I found the book very promising in this area, however, enter her personal life. First, she sleeps with her landlord Angelo. When this doesn't work out, she meets another man working in the same law firm as head of the copy room. She not only begins sleeping with him after three days, but discloses very personal facts about her life, including incest, in those three days. Really? Boundaries ladies? I knew I was in real trouble with statements such as " But even if her husband did have a wandering eye, at least Denise had managed to get married, a feat Norma had yet to accomplish. At forty-six, she suspected that her fiasco with Angelo had been her last chance at snagging a man, even if it would have meant settling for someone as substandard as him." or "Most times you sought out a particular man because he had the right "qualifications." "Husband material," they called it. You did the dating dance and went through all the stupid steps, only to wind up feeling dispassionate and ambivalent in the end. But if the man was "husband material," you married him - that is, if you were lucky enough to be asked (which Norma never had been ). Quick, where is the toilet so I can throw up! Are you kidding me? And someone who is intelligent enough to finish law school? I couldn't get past such statements as these, even if her fight to end the discriminatory practices at work were admirable. Maybe I'm not the target audience for a book such as this. Either way, I would hope that by now women do not need to degrade not only themselves, but men as well, by "snagging" a man. Yuck.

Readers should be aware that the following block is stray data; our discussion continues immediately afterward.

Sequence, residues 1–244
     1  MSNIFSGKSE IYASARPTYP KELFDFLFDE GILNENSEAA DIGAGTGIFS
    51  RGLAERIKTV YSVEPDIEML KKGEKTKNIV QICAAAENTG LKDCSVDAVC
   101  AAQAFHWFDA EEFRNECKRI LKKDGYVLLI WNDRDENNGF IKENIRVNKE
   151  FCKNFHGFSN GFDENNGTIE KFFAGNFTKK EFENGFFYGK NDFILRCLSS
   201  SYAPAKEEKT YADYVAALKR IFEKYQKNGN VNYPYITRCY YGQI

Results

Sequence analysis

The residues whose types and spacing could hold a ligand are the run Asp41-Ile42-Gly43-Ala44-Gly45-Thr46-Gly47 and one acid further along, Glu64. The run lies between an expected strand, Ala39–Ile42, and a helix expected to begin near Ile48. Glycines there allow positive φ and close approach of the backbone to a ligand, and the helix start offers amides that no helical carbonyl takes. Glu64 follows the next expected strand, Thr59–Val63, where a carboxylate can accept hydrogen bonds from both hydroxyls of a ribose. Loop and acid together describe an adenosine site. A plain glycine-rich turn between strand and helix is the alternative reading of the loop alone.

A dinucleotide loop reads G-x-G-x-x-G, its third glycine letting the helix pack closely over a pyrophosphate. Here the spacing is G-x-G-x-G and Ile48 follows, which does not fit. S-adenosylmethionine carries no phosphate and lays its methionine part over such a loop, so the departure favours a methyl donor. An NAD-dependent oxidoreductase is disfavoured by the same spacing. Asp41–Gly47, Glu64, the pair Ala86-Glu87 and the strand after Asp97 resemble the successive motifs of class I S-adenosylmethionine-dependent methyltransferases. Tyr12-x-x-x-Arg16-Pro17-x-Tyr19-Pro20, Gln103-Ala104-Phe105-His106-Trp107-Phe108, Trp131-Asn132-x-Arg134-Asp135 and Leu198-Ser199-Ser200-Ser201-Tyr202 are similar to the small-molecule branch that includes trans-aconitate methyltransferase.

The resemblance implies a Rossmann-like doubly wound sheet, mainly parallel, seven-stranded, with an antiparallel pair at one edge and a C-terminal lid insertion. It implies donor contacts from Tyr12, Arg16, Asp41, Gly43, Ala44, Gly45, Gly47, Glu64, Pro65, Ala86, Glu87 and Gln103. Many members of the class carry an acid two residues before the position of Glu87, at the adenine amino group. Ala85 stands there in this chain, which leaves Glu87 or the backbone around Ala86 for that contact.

Profile Image for Debbie.
433 reviews2,744 followers
August 24, 2014
For me, a floater is an annoying dot, scurrying speedily around inside my eye, messing with my vision. Norma is a floater (a "roaming" secretary), speeding around a toxic office, and she, too, is annoying. Or maybe it’s the author who's annoying, because she’s trying to tell me Norma is believable, and I’m having trouble with that. We’ll get to that in a minute.

The book opens with Norma starting her job as a floater in a law firm. She expected to get a job as a lawyer, but because she’s a middle-aged Puerto Rican woman from a small college, there appeared to be discrimination and she didn’t get the job she deserved. The job as floater was the only option.

It just so happens that from day 1, every single guy in the office is a jerk who says horrible things to her. Immediately I put on the brakes. Wait! You want me to believe these guys are real? I’ve worked in lots of offices and not once did I meet any boss that was that outwardly shitty. Never. The scene just didn’t ring true. All of the bosses seemed like caricatures, and nasty ones at that.

Even though I didn’t buy the evil bosses, I did think Norma was believable. Until she wasn’t. She suddenly had a family crisis, and when her boss told her she couldn’t go attend to it, Norma obeyed and kept working. What?? No normal person would listen to their boss; they’d bolt out of there immediately. She chose not to leave work, with dire consequences. I need to skirt around the particulars because I don’t want to give anything away. Let’s just say it was a terrible decision.

I believe the author wants us to think Norma is a moral human being. If you really want me to believe she made that bad choice to stay at work—do I even want to be in the same office with her? No! Either she is an unbelievable character or I don’t like her, don’t respect her, and I want out of there.

To add to my complaint board, there is also the problem with language. It’s simple and stilted. In what probably was an effort to seem straightforward, the author overshot her mark and made the language boring; there is no style or flair to it at all. And the dialogue is particularly bumpy; at places, it just didn’t ring true.